US: Expels 60; closing Russian consulate in Seattle.

    UKRAINE: 13

    CANADA: 4

    FRANCE: 4

    GERMANY: 4

    POLAND: 4

    CZECH REPUBLIC: 3

    LITHUANIA: 3

    DENMARK: 2

    ITALY: 2

    NETHERLANDS: 2

    CROATIA: 1

    ESTONIA: 1

    FINLAND: 1

    LATVIA: 1

    ROMANIA: 1

    SWEDEN: 1


    RUSSIAN RESPONSE

    FROM BRITAIN: Expels 23 British diplomats, closes the British consulate in St Petersburg and the British Council.

    OTHERS: Moscow will expel at least 60 staff from US diplomatic missions, Russian media reports said. REUTERS

Seattle was a hub of Russian cyber espionage, both political and commercial, according to two US intelligence officials.

The administration officials said “well over 100 intelligence officers” operated in the United States, and Washington’s action cuts 60 of them.

The envoys and their families have been given a week to leave the United States, according to one US official. Australia has issued the same deadline to its expelled diplomats.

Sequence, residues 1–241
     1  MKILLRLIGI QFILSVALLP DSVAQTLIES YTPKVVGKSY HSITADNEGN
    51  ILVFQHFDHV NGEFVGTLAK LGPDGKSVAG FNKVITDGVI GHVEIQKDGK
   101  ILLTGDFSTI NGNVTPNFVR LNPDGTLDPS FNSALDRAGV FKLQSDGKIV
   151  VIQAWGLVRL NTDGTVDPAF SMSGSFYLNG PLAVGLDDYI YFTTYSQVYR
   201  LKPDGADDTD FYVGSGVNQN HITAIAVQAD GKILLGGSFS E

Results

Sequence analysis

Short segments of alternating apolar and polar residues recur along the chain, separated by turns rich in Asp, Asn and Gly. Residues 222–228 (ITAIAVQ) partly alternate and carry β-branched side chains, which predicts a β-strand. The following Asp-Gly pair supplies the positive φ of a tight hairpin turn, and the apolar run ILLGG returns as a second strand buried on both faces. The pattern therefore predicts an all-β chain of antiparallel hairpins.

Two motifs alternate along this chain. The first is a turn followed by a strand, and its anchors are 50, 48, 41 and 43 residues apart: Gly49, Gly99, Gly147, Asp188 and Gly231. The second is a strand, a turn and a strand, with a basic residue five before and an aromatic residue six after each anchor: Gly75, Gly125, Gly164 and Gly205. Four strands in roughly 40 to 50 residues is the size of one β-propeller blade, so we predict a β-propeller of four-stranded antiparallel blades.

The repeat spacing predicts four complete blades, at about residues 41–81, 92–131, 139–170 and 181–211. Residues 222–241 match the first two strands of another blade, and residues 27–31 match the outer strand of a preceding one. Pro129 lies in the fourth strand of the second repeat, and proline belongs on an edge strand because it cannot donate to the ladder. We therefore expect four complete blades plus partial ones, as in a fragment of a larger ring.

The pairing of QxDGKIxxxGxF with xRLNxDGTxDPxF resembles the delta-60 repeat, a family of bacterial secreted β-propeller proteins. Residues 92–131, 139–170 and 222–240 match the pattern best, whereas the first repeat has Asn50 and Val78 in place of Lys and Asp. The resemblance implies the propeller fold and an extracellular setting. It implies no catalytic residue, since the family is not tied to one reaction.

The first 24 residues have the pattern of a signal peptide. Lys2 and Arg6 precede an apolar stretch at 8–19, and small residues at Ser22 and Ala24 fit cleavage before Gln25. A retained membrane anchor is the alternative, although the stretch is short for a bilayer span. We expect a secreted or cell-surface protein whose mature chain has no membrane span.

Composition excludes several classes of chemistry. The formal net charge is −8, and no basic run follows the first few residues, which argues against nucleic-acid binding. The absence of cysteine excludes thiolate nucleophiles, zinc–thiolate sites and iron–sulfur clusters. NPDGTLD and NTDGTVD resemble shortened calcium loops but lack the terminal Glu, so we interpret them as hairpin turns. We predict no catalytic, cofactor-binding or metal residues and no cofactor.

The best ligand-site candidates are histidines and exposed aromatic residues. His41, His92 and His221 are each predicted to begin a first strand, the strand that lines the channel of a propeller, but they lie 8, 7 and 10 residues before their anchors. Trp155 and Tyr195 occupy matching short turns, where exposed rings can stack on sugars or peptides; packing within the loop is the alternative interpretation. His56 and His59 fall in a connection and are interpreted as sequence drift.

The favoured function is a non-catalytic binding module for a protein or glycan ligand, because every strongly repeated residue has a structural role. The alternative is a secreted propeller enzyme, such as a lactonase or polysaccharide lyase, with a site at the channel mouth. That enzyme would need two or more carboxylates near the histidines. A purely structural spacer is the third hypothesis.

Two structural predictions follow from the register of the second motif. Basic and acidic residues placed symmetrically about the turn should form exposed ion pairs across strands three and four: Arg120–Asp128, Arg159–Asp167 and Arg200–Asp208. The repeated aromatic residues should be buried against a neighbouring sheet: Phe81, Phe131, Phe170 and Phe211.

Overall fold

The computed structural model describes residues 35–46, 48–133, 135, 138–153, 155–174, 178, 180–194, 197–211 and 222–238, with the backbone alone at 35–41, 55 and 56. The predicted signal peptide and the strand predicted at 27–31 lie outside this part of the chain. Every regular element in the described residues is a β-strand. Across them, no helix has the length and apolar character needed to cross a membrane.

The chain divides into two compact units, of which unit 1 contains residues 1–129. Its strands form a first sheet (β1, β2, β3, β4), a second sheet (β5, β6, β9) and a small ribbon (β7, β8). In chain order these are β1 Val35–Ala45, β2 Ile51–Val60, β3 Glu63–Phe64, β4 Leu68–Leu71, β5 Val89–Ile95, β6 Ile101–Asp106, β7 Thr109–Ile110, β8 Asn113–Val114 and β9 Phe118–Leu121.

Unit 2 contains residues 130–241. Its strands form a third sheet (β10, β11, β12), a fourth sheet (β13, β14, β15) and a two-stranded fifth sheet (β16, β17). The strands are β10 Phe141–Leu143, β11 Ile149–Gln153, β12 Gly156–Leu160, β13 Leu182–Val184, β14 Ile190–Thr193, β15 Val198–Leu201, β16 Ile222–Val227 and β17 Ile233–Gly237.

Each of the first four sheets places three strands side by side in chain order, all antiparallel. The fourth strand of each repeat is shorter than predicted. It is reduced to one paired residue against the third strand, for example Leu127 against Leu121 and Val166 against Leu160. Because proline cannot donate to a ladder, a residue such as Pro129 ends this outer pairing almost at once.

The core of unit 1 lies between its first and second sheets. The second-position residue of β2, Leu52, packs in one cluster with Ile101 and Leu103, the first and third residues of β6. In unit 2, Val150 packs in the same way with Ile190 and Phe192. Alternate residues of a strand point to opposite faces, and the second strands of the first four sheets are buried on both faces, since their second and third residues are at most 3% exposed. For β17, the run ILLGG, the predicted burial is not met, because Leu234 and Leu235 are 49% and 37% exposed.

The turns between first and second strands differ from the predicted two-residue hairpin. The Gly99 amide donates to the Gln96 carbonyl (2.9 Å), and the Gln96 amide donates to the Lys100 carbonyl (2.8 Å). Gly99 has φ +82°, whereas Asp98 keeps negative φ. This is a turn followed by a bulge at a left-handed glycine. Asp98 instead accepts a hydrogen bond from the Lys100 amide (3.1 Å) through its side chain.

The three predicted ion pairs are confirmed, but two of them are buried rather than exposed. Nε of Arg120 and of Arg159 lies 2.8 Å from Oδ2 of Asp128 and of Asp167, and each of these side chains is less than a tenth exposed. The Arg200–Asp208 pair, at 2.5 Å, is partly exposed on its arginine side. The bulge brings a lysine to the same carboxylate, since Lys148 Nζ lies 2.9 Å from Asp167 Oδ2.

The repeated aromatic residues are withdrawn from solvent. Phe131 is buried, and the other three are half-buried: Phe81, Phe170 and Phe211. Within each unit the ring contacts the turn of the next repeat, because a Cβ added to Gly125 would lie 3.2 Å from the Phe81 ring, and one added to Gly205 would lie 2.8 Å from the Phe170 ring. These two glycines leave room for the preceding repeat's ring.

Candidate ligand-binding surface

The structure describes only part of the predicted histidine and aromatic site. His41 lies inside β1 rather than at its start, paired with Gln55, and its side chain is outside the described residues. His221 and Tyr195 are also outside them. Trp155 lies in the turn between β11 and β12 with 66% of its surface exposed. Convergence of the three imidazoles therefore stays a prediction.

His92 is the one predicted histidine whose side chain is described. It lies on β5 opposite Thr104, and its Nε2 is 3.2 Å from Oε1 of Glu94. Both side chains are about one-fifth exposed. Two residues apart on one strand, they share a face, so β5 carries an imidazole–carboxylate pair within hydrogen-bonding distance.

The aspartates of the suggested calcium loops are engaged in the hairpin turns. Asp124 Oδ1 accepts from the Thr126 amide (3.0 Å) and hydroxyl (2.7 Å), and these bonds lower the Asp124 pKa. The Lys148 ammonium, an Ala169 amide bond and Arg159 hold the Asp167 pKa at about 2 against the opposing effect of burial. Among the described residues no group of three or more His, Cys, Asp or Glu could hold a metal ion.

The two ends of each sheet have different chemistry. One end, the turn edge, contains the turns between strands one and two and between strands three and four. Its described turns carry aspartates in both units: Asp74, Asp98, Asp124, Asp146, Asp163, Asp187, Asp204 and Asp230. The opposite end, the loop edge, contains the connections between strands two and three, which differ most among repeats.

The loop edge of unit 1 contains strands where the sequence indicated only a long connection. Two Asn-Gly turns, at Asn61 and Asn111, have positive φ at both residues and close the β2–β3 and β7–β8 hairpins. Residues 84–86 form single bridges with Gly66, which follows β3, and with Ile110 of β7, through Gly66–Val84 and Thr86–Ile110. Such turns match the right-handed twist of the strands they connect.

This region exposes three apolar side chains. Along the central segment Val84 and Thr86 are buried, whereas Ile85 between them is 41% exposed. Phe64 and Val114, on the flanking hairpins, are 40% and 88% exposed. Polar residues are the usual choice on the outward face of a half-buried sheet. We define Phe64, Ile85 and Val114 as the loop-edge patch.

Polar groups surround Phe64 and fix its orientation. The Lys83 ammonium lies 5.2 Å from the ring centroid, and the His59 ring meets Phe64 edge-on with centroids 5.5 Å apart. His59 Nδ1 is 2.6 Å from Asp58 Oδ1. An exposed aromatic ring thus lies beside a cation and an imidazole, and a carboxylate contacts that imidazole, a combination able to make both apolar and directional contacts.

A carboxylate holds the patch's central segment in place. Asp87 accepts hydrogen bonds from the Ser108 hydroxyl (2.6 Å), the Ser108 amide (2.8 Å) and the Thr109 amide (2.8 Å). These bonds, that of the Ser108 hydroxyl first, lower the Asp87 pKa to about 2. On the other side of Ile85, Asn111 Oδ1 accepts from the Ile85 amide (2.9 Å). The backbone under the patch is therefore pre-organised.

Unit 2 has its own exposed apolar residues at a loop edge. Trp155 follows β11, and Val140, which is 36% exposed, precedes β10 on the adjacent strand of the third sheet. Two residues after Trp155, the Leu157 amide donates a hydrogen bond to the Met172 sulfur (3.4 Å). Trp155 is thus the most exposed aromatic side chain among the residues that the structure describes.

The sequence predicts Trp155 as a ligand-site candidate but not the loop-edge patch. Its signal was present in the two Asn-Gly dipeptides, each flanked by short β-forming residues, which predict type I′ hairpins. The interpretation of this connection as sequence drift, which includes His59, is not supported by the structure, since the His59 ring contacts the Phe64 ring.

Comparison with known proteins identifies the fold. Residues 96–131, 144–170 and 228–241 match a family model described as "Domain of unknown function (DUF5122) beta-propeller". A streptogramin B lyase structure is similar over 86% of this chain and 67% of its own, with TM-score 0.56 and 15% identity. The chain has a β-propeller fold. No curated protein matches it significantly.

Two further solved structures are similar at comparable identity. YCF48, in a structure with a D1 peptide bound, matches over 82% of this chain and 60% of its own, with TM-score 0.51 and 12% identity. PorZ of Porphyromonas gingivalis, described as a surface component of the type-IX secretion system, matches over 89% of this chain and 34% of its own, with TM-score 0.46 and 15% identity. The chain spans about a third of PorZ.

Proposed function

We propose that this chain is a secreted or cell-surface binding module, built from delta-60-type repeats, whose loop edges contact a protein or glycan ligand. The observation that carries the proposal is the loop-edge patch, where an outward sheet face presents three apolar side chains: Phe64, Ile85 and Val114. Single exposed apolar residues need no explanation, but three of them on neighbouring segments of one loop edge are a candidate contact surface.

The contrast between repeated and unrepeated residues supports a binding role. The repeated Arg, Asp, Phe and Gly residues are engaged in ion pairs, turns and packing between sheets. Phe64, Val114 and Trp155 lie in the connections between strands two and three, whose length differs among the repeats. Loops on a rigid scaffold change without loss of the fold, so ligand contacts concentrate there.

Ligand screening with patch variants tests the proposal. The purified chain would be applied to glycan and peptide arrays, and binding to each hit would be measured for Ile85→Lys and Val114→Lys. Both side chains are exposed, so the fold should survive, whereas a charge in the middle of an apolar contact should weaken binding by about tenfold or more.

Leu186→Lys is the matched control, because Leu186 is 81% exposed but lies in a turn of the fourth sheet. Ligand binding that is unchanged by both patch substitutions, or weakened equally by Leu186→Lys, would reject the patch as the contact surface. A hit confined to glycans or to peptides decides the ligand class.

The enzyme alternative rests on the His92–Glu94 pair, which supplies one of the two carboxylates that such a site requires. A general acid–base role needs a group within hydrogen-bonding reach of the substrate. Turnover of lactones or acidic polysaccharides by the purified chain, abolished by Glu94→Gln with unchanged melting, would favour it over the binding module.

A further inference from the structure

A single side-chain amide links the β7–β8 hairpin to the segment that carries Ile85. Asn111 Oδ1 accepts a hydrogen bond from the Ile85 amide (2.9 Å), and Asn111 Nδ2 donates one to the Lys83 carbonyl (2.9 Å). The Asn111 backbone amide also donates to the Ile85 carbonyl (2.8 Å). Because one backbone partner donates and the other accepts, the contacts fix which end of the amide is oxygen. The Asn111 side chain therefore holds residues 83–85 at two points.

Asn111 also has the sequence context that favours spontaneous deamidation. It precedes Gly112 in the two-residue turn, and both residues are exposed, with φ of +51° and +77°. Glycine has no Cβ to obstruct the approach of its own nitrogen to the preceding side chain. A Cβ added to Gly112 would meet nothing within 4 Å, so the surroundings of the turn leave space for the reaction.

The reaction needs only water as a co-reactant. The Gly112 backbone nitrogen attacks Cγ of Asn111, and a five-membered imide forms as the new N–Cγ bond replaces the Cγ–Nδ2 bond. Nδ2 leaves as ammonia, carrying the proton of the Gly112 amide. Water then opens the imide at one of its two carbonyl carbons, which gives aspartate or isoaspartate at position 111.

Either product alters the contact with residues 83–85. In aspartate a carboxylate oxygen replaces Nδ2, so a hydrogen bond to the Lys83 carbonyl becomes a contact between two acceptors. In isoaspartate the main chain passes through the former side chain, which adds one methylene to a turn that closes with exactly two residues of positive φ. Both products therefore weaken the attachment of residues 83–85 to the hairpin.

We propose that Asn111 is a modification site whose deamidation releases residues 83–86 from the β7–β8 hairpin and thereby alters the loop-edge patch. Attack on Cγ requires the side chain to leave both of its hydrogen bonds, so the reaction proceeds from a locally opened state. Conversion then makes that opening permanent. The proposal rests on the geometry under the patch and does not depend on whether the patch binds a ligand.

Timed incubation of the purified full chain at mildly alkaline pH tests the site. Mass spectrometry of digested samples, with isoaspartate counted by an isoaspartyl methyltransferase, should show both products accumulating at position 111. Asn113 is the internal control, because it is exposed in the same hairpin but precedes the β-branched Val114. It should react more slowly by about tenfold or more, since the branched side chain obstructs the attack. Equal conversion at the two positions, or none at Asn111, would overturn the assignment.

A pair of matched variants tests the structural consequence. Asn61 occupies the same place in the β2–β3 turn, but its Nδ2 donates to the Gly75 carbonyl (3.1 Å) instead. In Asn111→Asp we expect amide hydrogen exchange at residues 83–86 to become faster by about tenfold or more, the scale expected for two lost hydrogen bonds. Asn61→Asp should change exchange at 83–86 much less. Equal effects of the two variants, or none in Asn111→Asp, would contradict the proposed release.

Mr Trump, who before he took office in January last year promised warmer ties with Mr Putin, last week congratulated the Russian leader on his re-election, drawing criticism from Republicans and Democrats alike. 

Mr Trump said the two leaders had made tentative plans to meet in the “not too distant future”.

He did not bring up the poisoning attack in his phone call with Mr Putin.

Mr Trump himself was silent on Monday on Twitter, where he often comments about his policy decisions. However, the White House said later it would like to have a “cooperative relationship” with Russia.

“The President wants to work with the Russians, but their actions sometimes don’t allow that to happen,” White House spokesman Raj Shah told a news briefing. “The poisoning in the UK that has kind of led to today’s announcement was a very brazen action. It was a reckless action.” 

US lawmakers largely welcomed Mr Trump’s move on Monday.

Washington had already imposed sanctions on Russian citizens and firms for US election-meddling and cyber attacks, but put off targeting oligarchs and government officials close to Mr Putin.